Tuesday, May 29, 2012

Quenching a Thirst

Last sunny Friday in Cambridge my sabbatical German friend Marlene and I headed off for St Philip's Anglican school to attend Thirst Cafe Church.  On arrival in the school lounge we found lots of mums, toddlers and babies drinking coffee and chatting.  Leaders Sue, Rachel and Ruth greeted us with warmth and offered us refreshments.  Sue explained that they were meant to be showing Rob Bell's Rhythm DVD but they couldn't find the TV so there may be a change of plan. She didn't seem the least bit fazed much to Marlene's surprise who told me later: "in Germany if this happened, it would be a catastrophe!" 

Thirst - doors
After about 20 minutes of chatting, drinking and eating, the TV appeared and we all settled down to hear Rob Bell.  I love Nooma as I always seem to hear something fresh no matter how many times I've viewed them.  Sue says they often repeat them because the (mostly) mums like and respond to them.  " I didn't want to get people to come to do things they didn't want to do or feel comfortable with and felt that a Nooma DVD was something that people could relate to. They did not have to make any kind of outward or verbal response to it if they did not want to. I was also determined that I wasn't going to start a discussion around the DVD subject. God surprised us again because we showed the DVD, and afterwards somebody visiting asked questions and began a discussion centred around faith. The conversation started and has been going ever since! We very, rarely direct these conversations. They just happen naturally and we discuss all manner of spiritual issues which often carry on long after Thirst is over and have helped to develop and nurture people in the faith."

And that's exactly what happened.  Rob Bell reminded us that we all play in the orchestra of life, it's just that sometimes we are out of tune.  People offered their views, some introducing their comments with "even though I'm not a Christian.....".

After this Sue asked who would like prayer and then prayed for people and annointed one of the participants with oil in preparation for an operation this week.  It all flowed beautifully.  Children pottered around, chatting, playing, eating while "church" happened.  No one tried to keep children quiet or still and no child caused any disruption.  Sue announced that there would be three baptisms next Sunday and invited all to bring a plate and join the celebration also taking place at the school. She reminded participants that they were invited to Alpha on Tuesday and Eucharist at Thirst Cafe Church next Friday.

And then the kettle was back on for another cuppa!

Sue explained to me that small groups have emerged out of Thirst.  There is also intentional pastoral care as leaders and participants find ways to support those in need.  One New Zealander loves to cook so teaches other mums how to cook healthy meals and snacks for their kids.   Another mum feels she can't contribute financially but loves to garden for others.  And prayer is always on offer!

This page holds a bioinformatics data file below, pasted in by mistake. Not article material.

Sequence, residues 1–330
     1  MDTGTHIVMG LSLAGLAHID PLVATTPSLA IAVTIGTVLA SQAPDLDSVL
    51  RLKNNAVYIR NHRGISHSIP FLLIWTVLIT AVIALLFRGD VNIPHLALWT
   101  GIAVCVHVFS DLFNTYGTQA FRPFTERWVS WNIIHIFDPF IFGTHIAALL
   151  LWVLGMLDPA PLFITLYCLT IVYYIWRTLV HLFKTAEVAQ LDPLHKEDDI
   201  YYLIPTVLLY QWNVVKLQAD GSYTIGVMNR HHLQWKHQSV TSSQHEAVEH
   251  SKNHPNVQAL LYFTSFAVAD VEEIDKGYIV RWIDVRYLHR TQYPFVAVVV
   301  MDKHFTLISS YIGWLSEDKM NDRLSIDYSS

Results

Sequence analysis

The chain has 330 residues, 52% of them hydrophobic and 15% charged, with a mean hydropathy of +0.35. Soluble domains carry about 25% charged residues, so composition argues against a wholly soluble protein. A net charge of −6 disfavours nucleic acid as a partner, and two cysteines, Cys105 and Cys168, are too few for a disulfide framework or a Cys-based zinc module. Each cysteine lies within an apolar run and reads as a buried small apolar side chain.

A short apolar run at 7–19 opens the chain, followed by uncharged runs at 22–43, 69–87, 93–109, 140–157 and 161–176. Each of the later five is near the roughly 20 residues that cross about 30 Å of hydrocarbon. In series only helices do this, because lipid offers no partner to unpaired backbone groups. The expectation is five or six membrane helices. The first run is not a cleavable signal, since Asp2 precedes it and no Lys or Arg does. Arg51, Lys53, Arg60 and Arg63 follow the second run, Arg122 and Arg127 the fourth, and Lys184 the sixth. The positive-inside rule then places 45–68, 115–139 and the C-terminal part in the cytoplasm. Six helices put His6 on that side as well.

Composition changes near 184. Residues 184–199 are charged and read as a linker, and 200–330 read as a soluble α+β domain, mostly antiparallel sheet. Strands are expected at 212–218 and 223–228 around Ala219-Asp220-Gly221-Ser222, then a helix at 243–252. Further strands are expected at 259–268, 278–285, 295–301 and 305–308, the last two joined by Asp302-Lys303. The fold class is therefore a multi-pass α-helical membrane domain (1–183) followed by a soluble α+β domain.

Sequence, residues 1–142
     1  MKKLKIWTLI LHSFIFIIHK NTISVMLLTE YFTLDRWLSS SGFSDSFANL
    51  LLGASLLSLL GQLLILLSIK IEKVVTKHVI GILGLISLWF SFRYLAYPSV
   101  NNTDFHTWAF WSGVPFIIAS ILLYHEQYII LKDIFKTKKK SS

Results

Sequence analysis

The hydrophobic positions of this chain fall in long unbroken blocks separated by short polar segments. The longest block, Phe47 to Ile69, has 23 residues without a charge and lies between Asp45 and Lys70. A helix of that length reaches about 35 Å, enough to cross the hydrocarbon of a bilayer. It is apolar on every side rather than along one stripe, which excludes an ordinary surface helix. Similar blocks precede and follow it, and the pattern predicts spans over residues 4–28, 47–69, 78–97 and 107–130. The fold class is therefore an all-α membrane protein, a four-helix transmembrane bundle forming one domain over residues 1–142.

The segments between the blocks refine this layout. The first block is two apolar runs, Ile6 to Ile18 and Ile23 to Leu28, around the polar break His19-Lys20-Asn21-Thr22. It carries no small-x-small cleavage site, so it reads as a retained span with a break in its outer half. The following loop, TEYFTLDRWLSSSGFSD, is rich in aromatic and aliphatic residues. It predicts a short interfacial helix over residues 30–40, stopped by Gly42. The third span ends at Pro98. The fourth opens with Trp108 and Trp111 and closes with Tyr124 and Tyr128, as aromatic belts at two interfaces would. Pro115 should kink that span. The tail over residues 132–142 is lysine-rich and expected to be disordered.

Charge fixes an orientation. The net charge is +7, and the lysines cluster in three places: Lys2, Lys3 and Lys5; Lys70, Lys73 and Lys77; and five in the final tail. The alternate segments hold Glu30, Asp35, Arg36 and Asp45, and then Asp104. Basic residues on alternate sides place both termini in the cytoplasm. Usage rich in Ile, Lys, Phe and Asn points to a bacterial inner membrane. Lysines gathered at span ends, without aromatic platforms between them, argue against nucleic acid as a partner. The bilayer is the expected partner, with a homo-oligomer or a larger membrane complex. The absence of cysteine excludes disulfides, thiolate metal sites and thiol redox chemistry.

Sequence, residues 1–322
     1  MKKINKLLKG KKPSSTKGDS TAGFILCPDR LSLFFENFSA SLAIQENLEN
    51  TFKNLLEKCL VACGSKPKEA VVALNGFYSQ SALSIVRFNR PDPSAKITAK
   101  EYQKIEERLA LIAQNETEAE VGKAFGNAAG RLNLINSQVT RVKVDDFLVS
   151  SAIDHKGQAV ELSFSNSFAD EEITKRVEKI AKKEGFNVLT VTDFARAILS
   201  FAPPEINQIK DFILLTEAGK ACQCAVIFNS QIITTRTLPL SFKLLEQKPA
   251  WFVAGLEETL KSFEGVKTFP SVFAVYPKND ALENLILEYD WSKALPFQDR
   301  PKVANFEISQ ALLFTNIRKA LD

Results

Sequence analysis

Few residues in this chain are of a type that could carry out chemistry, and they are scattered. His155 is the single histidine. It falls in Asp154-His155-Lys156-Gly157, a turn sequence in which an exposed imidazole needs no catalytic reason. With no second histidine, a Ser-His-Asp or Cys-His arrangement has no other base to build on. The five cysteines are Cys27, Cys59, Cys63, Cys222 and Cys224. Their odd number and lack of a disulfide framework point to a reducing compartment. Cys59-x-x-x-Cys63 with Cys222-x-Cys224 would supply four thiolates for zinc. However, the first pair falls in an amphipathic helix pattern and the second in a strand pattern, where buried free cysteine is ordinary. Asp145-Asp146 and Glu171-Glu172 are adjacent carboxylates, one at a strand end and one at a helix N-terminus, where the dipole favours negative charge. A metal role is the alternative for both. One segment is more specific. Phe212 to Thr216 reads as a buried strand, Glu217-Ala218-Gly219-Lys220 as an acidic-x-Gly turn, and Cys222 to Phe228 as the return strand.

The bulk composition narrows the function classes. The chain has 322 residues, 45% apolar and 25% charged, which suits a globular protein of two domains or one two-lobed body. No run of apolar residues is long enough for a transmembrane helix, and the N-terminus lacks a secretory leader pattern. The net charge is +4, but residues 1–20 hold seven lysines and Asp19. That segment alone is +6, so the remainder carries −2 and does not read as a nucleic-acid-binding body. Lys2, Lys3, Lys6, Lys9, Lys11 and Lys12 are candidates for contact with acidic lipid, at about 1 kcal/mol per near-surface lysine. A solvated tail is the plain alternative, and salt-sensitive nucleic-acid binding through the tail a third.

"The Christians amongst us at Thirst became known as people who would pray for people if they wanted it. We would often pray with parents in the playground, many of whom had no idea what they were asking for. We would find that people would simply stand where they were, bow their head and expect us to pray on the spot. When I look back on that period now, I suppose it was a case of God gathering people because they began to get healed, come to faith, and wanted to know more about Christ and how he could transform lives. It was about discipling them through relationship because many of them did not have any links with traditional church at all and some had never entered the doors of a church. They then began to attend Thirst and are an integral part of us now."

Sue and her friends started Thirst Cafe Church "officially" in 2007 but says that it grew out of 11 years of relationships and prayer that all started with mums chatting outside the classroom while waiting for their children to come out.

"I went through a phase of being concerned about the views that some people inside the traditional church have of people outside of the church family. The question was asked of us, 'Why don't some of these (unchurched) people come to church?' My response was to wonder why on earth they would! The church is an alien environment for many nowadays. We ask, even expect people to come and sit on a pew and sing songs, followed by a talk or lecture (as they view it). Both of these activities are unusual for many who have never been to church before. I wonder, what on earth possesses us in church to think that others outside of the church might want to do that? It is the Church that is alien in our culture, we are the unusual one, the minority."

"I was talking to God about it and told him, 'It's no wonder people don't go to church.' I 'heard' the question, 'What would they come to then?' I thought of what we did as friends together: breakfast, drink coffee, pray together, laugh together, have relationship and support each other. I said to my friends, 'Let's keep on drinking coffee but, if it's going to be church, it has to have more to it than a coffee morning. It's about transforming the community that we live in through our relationships, and in the power of the Holy Spirit."

Thirst - DVD

"We don't know how Thirst will develop; we don't know what's around the corner. We are wondering about our next step but we know that we need to be obedient to God and follow his leading."
Thirst - food

1 comment:

  1. Ray Banのキャラバンブームは、20世紀の70年代に始まったそうだ。1973年、女性のファッションには、「毎日レイバン サングラスを着用してください」と主張したらしい。レイバン wayfarerが毎日でもかけたいあたしにとっては、むしろ理想な時代と呼びたい。